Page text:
Edward H. Tarr (1936–2020), the pre-eminent baroque trumpeter of the twentieth century, has died at 83 following a period of illness. Tarr’s long career as a brilliant and expressive performer, a tireless scholar, and devoted teacher was of enormous influence in shaping the revival of historic brass instruments. His recordings and concerts stimulated considerable interest in the natural trumpet, an interest that he furthered with numerous editions of trumpet works, a rich body of pedagogical and musicological publication, and close work with the instrument makers Ewald Meinl and Rainer Egger in the reconstruction of instruments inspired by Wolf Wilhelm Haas, Hans Hainlein, and Johann Leonhard Ehe III. But crowning all of this was his beauty of sound and a highly cultivated sense of style that would entice and inspire generations of players and listeners throughout the world.
Long resident in Switzerland and Germany—Europe was the focus of his career and where he confessed to being most at home—he was also affectionately a native New Englander, born in Norwich, Connecticut in 1936. He was educated at Phillips Exeter Academy, Oberlin College, and Northwestern University, and was a trumpet student of Roger Voisin and Adolph Herseth. At Oberlin he studied musicology with Richard Murphy, a pupil of Leo Schrade, and at Murphy’s urging, Tarr moved to Europe in 1959 to study with Schrade at Basel, a move that was the beginning of his long European career. He subsequently earned the DPhil from Hamburg and also received the DMus, honoris causa from Oberlin.
As a teacher, Tarr was a long-time member of the faculty of the Schola Cantorum Basiliensis and the Musikhochschule in Basel; in 1985 he became the Director of the Bad Säckingen Trumpet Museum, as well. A prolific scholar, his writings show a close grasp of detail and invariably bear the stamp of a careful and tenacious researcher. His monograph, Die Trompete, has remained a foundational text for the history of the instrument since its first publication in 1977 and through three English editions. Known for wide interests as both a performer and scholar, Tarr also published East Meets West: The Russian Trumpet Tradition from the Time of Peter the Great to the October Revolution with a Lexicon of Trumpeters Active in Russia from the Seventeenth Century to the Twentieth in 2003, considerably expanding our historical perspective beyond the bounds of a familiar Western European view. Unsurprisingly, his publications on performance practice have been especially valuable to students and professionals alike, including his three-volume method, The Art of Baroque Trumpet Playing (1999), English translations of various treatises including the monumental 1795 Versuch by Johann Ernst Altenburg (1974; 1999), and (with Bruce Dickey) Bläserartikulation in der Alten Musik (2007).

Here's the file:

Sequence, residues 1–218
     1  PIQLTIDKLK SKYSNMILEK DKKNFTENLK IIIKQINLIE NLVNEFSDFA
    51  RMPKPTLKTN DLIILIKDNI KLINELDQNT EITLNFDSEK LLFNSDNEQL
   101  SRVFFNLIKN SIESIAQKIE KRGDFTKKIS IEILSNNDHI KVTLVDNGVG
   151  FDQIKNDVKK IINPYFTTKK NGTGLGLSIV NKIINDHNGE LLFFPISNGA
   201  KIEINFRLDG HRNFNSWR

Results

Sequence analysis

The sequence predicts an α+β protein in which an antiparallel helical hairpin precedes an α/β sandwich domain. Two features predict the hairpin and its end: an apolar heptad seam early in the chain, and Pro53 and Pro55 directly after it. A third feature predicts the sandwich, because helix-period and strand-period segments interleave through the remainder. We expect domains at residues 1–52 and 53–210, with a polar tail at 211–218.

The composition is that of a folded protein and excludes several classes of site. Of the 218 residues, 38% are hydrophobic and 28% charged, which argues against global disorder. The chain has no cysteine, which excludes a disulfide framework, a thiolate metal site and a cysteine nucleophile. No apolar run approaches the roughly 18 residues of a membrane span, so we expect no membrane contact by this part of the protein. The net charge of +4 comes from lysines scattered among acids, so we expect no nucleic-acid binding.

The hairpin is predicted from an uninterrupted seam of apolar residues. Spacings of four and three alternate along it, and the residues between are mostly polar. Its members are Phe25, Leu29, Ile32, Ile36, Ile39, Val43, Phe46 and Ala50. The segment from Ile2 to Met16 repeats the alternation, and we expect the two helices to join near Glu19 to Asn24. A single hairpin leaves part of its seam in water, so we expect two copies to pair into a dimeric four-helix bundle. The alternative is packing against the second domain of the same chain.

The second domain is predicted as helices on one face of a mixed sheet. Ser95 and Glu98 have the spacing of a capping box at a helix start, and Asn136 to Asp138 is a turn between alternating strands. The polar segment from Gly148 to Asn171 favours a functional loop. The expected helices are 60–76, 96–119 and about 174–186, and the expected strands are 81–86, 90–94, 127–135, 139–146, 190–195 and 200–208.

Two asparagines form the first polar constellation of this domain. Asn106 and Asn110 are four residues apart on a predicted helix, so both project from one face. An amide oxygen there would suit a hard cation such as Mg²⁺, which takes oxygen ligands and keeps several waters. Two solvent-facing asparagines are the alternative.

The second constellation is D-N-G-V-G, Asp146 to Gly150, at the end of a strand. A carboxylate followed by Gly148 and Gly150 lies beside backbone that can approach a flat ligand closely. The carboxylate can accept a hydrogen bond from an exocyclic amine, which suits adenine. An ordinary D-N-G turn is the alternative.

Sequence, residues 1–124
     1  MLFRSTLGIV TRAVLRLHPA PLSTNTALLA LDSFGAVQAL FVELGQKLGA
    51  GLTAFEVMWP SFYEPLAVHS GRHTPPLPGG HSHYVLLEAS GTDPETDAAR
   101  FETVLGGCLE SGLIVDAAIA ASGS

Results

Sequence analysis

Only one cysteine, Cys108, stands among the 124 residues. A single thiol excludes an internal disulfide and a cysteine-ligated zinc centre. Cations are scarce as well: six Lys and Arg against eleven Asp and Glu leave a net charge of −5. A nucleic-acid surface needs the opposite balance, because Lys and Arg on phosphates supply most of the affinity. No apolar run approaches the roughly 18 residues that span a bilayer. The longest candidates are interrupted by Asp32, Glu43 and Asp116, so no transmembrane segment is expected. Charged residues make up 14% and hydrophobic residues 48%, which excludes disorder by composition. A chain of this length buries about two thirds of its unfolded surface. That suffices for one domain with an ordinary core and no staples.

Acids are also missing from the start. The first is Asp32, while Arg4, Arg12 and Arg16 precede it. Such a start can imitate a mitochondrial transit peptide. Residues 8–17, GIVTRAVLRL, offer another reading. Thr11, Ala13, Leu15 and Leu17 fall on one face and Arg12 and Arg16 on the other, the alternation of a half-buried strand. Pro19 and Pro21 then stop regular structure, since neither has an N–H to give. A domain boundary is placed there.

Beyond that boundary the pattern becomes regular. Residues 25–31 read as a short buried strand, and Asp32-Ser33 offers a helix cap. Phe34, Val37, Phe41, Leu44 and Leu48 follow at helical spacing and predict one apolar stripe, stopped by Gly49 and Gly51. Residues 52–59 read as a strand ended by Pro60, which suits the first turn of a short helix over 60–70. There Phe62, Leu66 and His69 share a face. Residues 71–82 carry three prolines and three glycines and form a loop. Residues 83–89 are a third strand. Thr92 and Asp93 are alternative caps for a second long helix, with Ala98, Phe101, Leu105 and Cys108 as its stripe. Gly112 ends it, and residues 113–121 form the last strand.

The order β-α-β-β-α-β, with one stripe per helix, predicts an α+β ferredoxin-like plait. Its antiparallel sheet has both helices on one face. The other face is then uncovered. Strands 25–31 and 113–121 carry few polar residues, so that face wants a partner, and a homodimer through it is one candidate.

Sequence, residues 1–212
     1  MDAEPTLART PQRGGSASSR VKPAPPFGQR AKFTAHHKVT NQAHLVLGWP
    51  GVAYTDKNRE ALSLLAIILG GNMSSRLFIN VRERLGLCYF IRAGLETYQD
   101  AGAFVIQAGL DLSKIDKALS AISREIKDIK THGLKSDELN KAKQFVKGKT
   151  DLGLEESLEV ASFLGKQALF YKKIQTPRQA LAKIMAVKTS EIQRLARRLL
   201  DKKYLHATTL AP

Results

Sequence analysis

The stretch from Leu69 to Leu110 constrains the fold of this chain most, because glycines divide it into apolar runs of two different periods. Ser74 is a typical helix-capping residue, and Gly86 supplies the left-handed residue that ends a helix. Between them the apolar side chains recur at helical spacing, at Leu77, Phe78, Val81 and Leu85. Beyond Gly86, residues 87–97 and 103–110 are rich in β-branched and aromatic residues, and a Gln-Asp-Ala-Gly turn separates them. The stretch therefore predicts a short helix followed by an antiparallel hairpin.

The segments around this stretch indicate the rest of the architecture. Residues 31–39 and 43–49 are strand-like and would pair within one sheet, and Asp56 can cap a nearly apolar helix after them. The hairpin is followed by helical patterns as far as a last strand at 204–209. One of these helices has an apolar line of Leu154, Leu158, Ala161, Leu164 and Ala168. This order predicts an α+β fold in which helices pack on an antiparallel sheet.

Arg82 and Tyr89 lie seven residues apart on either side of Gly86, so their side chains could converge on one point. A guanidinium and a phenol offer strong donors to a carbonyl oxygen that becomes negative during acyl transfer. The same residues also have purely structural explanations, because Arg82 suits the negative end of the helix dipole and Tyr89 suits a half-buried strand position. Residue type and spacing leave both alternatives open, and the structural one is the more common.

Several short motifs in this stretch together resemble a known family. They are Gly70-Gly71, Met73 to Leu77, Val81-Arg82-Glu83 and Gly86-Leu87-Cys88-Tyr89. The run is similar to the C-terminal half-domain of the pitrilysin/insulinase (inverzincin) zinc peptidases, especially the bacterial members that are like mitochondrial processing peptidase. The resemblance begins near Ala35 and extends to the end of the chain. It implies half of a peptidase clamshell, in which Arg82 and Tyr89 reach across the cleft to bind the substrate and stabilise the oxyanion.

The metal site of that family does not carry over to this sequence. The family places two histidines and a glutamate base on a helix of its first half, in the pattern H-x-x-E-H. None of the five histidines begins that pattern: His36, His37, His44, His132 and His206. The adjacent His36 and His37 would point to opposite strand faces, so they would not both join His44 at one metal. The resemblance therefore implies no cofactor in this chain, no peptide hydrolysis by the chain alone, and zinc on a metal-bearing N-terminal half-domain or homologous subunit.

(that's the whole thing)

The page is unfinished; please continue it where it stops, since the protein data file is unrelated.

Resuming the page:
In concerts and recordings he was impressively and equally at home on modern as well as historical instruments, and while best-known for his work in earlier repertories, he had a rich
association with the avant garde, particularly with works such as Mauricio Kagel’s “Acustica,” “Atem,” and “Morceau de concours,” and the eponymous TARR by Dexter Morrill. Performing widely with the Edward Tarr Brass Ensemble and in trumpet-organ duos with George Kent and later extensively with Irmtraud Krüger Tarr, his wife, Tarr was a key figure in introducing both the sound and techniques of historical trumpets, but also much of the repertory that players today might easily take for granted. In this regard, his recordings for Nonesuch in the 1970s—notably “The Art of the Baroque Trumpet,” and three volumes of “Baroque Masterpieces for Trumpet and Organ”—were particularly influential and beloved.
A number of significant awards came his way, among them the Historic Brass Society’s Christopher Monk Award, the Premio Cesare Bendinelli from the Accademia Filarmonica of Verona, and the Solistenpreis der Europäischen Kulturstiftung Pro Europa—but he also could claim the personal reward of a devoted and grateful following.
His performances linger easily in memory for he played with great personal flair but also with very finely tuned expressivity and a devotion to the art. No wonder then that his generous smile and the twinkle in his eyes would so naturally emerge whenever he had trumpet in hand.
The Society extends its deepest condolences to Irmtraud Tarr, and mourns the passing of this true master and beloved friend.